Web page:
The stomach cancer results are mirrored by lung and bladder cancers in regards to heavy salt use. Other cancers were not only practically insignificant but, more importantly, statistically insignificant. The odds ratio values also varied between amount of salt consumed with the heaviest salt intakes demonstrating the highest odds ratios.

In terms of processed meat consumption, the results are a bit stronger in their connection with cancer manifestation. Again, the levels varied with amount of processed meat consumed with the highest levels most associated with cancer risk. As with salt, the values explained below are for the highest consumed levels.

All cancers were statistically significant except for brain cancer. The levels of practical significance varied, but most were stronger than what was seen with heavy salt use. Mostly the digestive cancers had the highest odds ratios with stomach reaching 1.7, colon 1.5, and rectum 1.5, but bladder cancer and leukemia both had odds ratios of 1.6. Again, the data is not extremely practically significant but not to be dismissed. For stomach cancer we would suggest that those individuals who developed stomach cancer were 70% more likely to eat more than 5 ½ servings of processed meat per week than those who do not have stomach cancer. Again, we would not suggest 70 times the risk, just 70% higher chance. Again, the findings are not extraordinary but something to pay attention to.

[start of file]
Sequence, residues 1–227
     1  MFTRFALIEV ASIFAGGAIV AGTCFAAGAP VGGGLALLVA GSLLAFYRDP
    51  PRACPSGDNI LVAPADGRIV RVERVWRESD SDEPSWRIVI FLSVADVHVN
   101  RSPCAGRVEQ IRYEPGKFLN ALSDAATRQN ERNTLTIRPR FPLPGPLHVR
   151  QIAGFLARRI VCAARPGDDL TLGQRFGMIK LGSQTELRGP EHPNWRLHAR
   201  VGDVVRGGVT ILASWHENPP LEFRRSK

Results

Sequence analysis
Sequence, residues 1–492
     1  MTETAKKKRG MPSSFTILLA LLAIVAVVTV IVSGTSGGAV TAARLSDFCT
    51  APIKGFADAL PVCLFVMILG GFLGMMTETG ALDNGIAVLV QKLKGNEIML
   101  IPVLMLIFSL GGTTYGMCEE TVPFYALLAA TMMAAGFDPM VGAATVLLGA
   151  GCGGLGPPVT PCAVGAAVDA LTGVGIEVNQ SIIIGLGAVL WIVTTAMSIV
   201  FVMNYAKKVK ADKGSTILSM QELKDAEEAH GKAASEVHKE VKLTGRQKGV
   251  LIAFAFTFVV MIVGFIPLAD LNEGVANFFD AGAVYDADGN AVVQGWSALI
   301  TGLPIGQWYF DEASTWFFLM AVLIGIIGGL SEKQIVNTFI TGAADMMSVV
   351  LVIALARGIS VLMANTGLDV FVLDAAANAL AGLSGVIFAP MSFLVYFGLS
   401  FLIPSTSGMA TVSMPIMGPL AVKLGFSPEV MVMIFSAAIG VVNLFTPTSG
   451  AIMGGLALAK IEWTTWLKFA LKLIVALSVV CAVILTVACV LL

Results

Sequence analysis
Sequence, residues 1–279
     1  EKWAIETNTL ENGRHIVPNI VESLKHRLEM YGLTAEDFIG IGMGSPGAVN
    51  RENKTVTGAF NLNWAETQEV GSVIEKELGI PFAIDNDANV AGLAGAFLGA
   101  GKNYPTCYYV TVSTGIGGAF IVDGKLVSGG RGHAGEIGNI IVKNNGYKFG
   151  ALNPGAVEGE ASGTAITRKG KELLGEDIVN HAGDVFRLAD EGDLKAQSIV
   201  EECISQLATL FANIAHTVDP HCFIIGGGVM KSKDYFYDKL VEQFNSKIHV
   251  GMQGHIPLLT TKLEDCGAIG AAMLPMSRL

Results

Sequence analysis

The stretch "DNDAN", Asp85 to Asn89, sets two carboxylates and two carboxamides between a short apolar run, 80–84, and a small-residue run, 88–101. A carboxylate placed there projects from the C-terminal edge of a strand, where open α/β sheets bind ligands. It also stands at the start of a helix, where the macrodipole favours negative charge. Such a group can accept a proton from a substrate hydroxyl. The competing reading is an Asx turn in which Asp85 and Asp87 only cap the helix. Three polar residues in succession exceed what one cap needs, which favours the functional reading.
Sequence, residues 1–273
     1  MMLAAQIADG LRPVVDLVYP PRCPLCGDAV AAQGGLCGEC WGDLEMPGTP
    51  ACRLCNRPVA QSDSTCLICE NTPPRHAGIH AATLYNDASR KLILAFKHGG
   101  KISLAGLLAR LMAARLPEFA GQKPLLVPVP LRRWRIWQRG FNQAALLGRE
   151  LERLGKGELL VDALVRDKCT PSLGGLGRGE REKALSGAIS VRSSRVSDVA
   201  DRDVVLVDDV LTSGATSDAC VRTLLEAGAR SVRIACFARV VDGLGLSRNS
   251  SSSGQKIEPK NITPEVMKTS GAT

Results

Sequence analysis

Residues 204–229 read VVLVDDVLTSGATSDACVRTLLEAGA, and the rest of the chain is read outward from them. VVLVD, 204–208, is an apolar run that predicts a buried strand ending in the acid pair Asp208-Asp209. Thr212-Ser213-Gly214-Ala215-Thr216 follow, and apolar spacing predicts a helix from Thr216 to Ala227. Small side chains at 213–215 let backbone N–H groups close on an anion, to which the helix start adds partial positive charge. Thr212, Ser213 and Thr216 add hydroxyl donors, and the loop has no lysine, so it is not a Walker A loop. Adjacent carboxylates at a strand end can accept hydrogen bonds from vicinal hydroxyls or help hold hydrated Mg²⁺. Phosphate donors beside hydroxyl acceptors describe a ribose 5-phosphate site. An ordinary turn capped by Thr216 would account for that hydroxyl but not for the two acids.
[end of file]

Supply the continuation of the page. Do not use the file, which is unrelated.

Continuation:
So what can we learn from this study? You should definitely watch both salt and processed meat consumption. Because although salt has a very, very limited connection to cancer risk, it does raise blood pressure, thus making you more at risk for heart disease. Processed meat on the other hand does have increased risks for cancer manifestation; nothing drastically alarming, but there is a potential risk for developing cancer if eaten a lot over the course of time. Besides the risk of cancer, the ingredients should make you cringe a bit. Have you ever really thought about what was in a hot dog? Kind of frightening, right?

Men, I cannot deny that I enjoy an occasional bacon double cheeseburger but I don’t make a habit out of it. If I go to see the Phillies at Citizen Bank Park, I may eat a hotdog every third time I go. And if I choose to eat a hot dog, I’ll eat a hotdog, not five. It’s all about limiting the amount you eat. It’s about portion control, not elimination.

So next time you think about using the salt shaker or opting for the foot long Italian sub, think about getting the veggie hoagie or a salad. I know, I know, not as appetizing. But do me a favor…for every five sandwiches you eat, eat one salad without meat products on it. Over time you’ll begin to opt more and more for the salad option. Trust me, your guts will thank you.

Michael Rovito, Ph.D.

View posts by Michael Rovito, Ph.D.
Michael J. Rovito, Ph.D. is an Assistant Professor of Public Health at Temple University. His work specializes in health behavior change, men's health, and audience segmentation. His most recent research developed the "Control Identity" Personality Typology that aims to assist health education and intervention efforts for tailoring messaging strategies. Dr. Rovito is a Fellow of the Foundation for Informed Medical Decision Making, the Albert Schweitzer Foundation, and the Information Technology in Society Research Group. He is also a co-faculty advisor for the Public Health Graduate Student Council and Director of the Temple University Men's Health Information and Research Collaborative.
Scroll to top